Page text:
In a statement, the Scottish Salmon Producers’ Organisation (SSPO), which represents all of the salmon farming companies operating in Scotland, explained salmon exports to the EU do not need Export Health Certificates (EHCs) at the moment because of free movement of goods within the EU.
But it now appears inevitable that these exports will need EHCs after the end of this year, when the transition phase is over, because of the Westminster government’s decision not to align with EU regulations.
How Boris's Brexit burden is calculated
About 300 orders of Scottish salmon are sent to Europe each day in about 35 lorry loads from DFDS’s transport hub at Larkhall, central Scotland.
The top-end annual figure of £8.7m is based on 300 orders per day, each one needing an EHC at a cost of £80 per certificate.
The bottom-end £1.3m figure is based on 300 orders a day but with each EHC costing £12 per order (which comes from the possibility of having just one EHCs per lorry load, regardless of the number of consignments).
The cost of an EHC varies considerably from council to council: from £15 to £92. There have been discussions about standardising this cost but nothing has been agreed yet.
Full-year 2019 export statistics to be published tomorrow are expected to show big increases in the sales of Scottish salmon around the world, with France entrenching its position as the top market for Scottish salmon.
The cost of this for Scottish farmed salmon will be between £1.3m and £8.7m per year depending on the amount charged by councils for each EHC and the number of EHCs required per lorry load.
It could mean the processing and signing of an extra 50,000 to 100,000 EHCs every year, each of which must be signed by an environmental health officer or a vet.
This will require extra staff at the main haulage distribution hub, the DFDS base at Larkhall in South Lanarkshire, and delays in the dispatch of salmon to the continent.
SSPO chief executive Julie Hesketh-Laird said: “We now send more than £190 million worth of salmon to France, a third of our total exports. Once in the main French markets, the salmon can then be dispatched to almost anywhere in the EU.
“We deal in a perishable product, so it is crucial for the thousands of loyal customers we have in the EU that we get our fresh fish to key markets as quickly and smoothly as possible.
“The addition of an Export Health Certificate for every order of salmon to the EU would place huge unnecessary financial and bureaucratic burdens on our sector – potentially undermining one of the UK’s biggest modern export success stories.
If each order – or even each lorry load – had to have an extra certificate, it would give our international competitors an advantage they would be unlikely to pass up.
“About 300 salmon orders are dispatched to the EU every day by road and through the Channel Tunnel. If each one – or even each lorry load – had to have an extra certificate, signed by a vet or an environmental health officer, it would not only add delays and cost to Scottish Salmon exports, it would give our international competitors an advantage they would be unlikely to pass up.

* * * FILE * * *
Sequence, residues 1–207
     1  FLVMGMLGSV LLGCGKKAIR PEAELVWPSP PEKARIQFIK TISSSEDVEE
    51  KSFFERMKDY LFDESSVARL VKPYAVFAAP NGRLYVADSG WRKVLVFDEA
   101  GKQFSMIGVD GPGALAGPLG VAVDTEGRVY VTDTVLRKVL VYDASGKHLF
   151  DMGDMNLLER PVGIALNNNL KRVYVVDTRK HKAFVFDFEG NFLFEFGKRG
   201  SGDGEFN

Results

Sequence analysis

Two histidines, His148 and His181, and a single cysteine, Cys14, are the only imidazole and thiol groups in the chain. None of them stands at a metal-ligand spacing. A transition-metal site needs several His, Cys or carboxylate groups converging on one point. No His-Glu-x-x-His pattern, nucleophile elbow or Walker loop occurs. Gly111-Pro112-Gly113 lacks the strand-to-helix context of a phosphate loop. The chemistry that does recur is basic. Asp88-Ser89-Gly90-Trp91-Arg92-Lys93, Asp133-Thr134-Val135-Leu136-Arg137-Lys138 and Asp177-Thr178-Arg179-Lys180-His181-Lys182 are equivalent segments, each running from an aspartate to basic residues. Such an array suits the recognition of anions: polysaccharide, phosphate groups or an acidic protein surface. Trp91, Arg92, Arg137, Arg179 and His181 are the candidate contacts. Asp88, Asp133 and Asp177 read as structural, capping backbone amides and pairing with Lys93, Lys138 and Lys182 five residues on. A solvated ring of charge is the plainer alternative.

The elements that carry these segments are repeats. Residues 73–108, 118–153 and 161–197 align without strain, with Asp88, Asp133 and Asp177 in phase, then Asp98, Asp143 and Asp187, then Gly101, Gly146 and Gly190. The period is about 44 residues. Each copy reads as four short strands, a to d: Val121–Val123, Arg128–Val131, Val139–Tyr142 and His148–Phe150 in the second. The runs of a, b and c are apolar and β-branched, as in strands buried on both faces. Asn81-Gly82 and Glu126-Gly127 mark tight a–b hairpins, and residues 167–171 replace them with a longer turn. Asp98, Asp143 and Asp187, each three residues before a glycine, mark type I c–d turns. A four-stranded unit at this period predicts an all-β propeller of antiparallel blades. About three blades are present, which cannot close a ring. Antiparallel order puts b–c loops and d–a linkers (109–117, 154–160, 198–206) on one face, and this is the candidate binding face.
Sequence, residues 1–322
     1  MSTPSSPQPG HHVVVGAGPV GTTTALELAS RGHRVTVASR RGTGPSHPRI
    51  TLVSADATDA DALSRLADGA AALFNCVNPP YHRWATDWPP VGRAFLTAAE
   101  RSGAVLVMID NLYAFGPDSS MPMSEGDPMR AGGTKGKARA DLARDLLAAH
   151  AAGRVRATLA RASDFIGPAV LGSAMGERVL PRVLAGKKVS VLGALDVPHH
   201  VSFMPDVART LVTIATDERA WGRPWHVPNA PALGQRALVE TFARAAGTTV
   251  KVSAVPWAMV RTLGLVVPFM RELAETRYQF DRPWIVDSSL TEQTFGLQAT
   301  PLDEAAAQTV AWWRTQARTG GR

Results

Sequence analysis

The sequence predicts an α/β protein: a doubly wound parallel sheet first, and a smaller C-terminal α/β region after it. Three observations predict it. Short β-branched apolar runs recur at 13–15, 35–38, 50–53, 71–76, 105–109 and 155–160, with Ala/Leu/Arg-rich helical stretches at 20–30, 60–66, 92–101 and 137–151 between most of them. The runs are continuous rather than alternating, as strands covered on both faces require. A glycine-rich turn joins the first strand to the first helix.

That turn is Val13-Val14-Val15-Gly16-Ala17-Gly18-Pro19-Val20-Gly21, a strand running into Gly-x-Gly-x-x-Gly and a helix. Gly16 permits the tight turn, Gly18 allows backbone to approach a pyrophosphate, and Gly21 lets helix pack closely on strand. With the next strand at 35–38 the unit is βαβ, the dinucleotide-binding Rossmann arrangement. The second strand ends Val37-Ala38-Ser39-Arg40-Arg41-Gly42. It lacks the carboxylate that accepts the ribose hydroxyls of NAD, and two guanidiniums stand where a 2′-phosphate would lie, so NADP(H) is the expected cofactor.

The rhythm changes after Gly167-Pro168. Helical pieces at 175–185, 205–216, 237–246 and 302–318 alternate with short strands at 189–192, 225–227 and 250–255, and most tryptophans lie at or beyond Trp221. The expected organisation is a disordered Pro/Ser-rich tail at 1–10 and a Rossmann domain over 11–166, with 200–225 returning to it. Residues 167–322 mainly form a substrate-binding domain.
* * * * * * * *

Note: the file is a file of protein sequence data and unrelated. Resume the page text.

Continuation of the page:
Appeal to UK ministers
“We are appealing to the UK government to make this a priority in negotiations with the EU.
“We want both sides to commit to allow seafood trade to the EU to continue as it now, without the imposition of any new tariff or non-tariff barriers and we want UK ministers to call for this in negotiations.”
The SSPO is asking the UK government to:
- Stay aligned with the EU on seafood exports after the end of the transition period so no EHCs will be needed.
- Make the transport of seafood to the EU without EHCs a key condition in negotiations over the future trading arrangement between the UK and the EU.
- Accelerate the process, already started by the UK Animal and Plant Health Agency, to digitalise the EHC process, making it swifter and simpler.
- Negotiate for the continued tariff-free access to the EU for Scottish salmon after the end of the transition period.
The industry’s requests run counter to the current position of UK prime minister Boris Johnson, who last Monday said that he saw no need for UK regulations to align with those of Europe following Brexit.
That drew an immediate warning from the Food and Drink Federation, which represents the UK’s food and drink producers. The FDF said: “The EU market is the largest source of UK food imports and the largest destination for UK food exports. This fact is driven by geography, shelf-life and customer tastes. Introducing friction into those supply chains will have implications for our largest manufacturing sector and for all food and drink consumers.”
It urged UK and EU negotiators to take a common-sense approach to recognising equivalent food standards, so they do not inadvertently raise barriers to trade.
Seafood processors have also added their voices to the call for compromise.
Scottish Seafood Association chief executive Jimmy Buchan said ministers taking part in trade deal negotiations with the EU should “balance the needs of the processing sector for continued unfettered access to EU markets with the expectations of the catching sector”.
Dependent on migrants
The SSA also wants rules allowing migrants to come and work in Scotland relaxed, and has pointed out that it is dependent upon migrant workers from other European Economic Area countries, which make up 48% of the workforce as a whole and 70% in the North East of Scotland.
Employee-owned processor Aquascot told Fish Farming Expert that finding good workers is likely to be more difficult now that the UK has left the EU.